Calling upon the Jewish workers to desert the Zionist cause and to fight for Soviet Russia and Communism, an editorial in Friday’s Freiheit, New York Yiddish Communist organ, enumerates what it alleges to be Jewish failures in Palestine with regard to land settlement, and contrasts this with what it regards as the great success of Jewish land settlement in Russia within recent years.
“During the past five years the Soviet Union has settled three hundred thousand Jews on the land,” says the editorial. “During the coming five years it will build a large new settlement in Bira-Bidjan. Wherever Jews live in compact masses the whole governmental apparatus is conducted in Yiddish. If great Jewish masses will come to Bira-Bidjan a Soviet Republic will be organized there.
“All this is being done by the Soviet Republic without noise, without trumpeting; it is part of the general work of building up the country. The Jews in the Soviet Union have equal rights together with all citizens. Jewish books and periodicals are being issued at the expense of the government. Anti-Semitism is being uprooted with an iron hand.
“In Palestine it is just the opposite. There during the past fifty years hundreds of millions of dollars have poured in, nevertheless only about twenty thousand Jews are settled upon the land. There everything is kept up by philanthropy, and there is no room for a large Jewish population. There the ruler is the British imperialistic power which has encouraged pogroms and which now declares openly that it will give the Jews no governmental power in Palestine. There Jews are being settled upon alien soil from which the peasants are being driven off by force, although they have been living there scores and hundreds of years. There a poisonous hatred on the part of the local population towards the aliens who come with the bayonet and the dollar exists, and the masses have already revolted against the alien oppressors.”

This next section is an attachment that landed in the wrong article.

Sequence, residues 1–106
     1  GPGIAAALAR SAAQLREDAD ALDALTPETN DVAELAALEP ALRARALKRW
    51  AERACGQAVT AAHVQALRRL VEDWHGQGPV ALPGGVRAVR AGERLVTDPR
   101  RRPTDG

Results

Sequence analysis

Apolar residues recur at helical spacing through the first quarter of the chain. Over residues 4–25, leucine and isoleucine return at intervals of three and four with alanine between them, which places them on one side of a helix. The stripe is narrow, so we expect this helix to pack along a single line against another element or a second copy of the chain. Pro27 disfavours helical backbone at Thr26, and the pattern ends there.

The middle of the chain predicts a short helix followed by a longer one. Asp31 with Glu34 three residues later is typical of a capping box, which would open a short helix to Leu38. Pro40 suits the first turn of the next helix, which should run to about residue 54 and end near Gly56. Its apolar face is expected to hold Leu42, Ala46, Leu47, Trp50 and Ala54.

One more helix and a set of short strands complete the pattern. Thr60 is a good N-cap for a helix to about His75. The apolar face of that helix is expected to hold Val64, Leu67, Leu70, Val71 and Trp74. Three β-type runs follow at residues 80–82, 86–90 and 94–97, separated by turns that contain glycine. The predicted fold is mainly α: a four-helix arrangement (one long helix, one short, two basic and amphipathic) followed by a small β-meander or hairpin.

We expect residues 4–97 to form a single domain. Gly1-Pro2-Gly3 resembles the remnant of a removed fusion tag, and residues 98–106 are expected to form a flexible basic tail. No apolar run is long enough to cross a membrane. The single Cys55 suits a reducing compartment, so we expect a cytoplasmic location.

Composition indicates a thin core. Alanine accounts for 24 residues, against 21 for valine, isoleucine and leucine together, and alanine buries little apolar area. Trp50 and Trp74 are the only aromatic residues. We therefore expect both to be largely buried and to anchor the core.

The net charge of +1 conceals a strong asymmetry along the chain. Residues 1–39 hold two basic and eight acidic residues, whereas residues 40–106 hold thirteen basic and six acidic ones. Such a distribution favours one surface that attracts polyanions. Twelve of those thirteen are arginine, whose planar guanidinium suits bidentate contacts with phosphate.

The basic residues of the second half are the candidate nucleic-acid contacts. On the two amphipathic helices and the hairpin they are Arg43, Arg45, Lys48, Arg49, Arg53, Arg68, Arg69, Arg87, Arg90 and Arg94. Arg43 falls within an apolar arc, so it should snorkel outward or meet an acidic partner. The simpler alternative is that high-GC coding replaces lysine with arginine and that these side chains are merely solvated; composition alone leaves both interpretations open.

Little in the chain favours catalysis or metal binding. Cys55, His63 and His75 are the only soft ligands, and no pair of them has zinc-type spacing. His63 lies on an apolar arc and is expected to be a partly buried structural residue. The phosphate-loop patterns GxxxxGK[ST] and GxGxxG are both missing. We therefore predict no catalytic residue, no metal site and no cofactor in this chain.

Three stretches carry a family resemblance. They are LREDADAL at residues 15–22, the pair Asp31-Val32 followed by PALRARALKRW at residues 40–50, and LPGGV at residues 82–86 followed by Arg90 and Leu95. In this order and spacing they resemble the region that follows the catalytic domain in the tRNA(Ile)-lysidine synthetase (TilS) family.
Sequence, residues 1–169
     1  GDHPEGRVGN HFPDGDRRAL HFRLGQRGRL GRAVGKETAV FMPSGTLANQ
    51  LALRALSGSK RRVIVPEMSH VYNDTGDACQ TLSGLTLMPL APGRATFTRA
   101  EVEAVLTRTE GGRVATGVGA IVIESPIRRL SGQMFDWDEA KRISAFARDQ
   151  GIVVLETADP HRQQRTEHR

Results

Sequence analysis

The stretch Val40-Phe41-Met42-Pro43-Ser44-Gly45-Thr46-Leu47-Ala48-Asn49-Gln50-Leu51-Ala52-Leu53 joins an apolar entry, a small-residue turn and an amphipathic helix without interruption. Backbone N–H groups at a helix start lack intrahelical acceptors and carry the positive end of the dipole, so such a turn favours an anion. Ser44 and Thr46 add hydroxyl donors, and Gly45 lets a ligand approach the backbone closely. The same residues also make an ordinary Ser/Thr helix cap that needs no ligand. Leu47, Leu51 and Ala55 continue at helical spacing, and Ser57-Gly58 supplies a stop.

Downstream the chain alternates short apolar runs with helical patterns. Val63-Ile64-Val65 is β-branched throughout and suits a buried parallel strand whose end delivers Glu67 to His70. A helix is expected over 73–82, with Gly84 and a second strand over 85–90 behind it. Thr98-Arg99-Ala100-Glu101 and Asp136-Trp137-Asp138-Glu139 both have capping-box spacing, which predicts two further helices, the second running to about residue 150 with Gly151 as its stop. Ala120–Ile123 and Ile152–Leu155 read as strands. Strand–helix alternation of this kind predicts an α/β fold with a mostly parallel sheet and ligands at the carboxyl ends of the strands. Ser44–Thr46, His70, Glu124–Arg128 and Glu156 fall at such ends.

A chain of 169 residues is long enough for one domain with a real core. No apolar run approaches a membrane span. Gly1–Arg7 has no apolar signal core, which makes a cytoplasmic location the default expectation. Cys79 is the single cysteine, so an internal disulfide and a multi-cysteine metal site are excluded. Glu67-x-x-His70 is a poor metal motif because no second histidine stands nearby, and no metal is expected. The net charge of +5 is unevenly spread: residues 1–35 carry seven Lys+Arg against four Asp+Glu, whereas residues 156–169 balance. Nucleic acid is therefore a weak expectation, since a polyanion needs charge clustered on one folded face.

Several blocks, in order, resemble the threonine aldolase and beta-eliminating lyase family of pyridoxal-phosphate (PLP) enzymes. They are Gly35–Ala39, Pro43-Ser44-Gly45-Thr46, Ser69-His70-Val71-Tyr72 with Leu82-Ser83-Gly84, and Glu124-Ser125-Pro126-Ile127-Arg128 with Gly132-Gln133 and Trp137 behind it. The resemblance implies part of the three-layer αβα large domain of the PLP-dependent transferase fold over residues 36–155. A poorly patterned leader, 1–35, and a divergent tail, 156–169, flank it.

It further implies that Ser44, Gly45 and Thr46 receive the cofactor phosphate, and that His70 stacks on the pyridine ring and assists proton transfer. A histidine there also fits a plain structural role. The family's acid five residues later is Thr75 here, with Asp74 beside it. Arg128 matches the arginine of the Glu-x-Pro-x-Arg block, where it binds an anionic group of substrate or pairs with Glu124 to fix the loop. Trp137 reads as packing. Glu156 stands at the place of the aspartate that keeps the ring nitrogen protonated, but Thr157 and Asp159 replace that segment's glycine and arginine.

“Down with Zionism! Long live the Soviet Union!”
The Archive of the Jewish Telegraphic Agency includes articles published from 1923 to 2008. Archive stories reflect the journalistic standards and practices of the time they were published.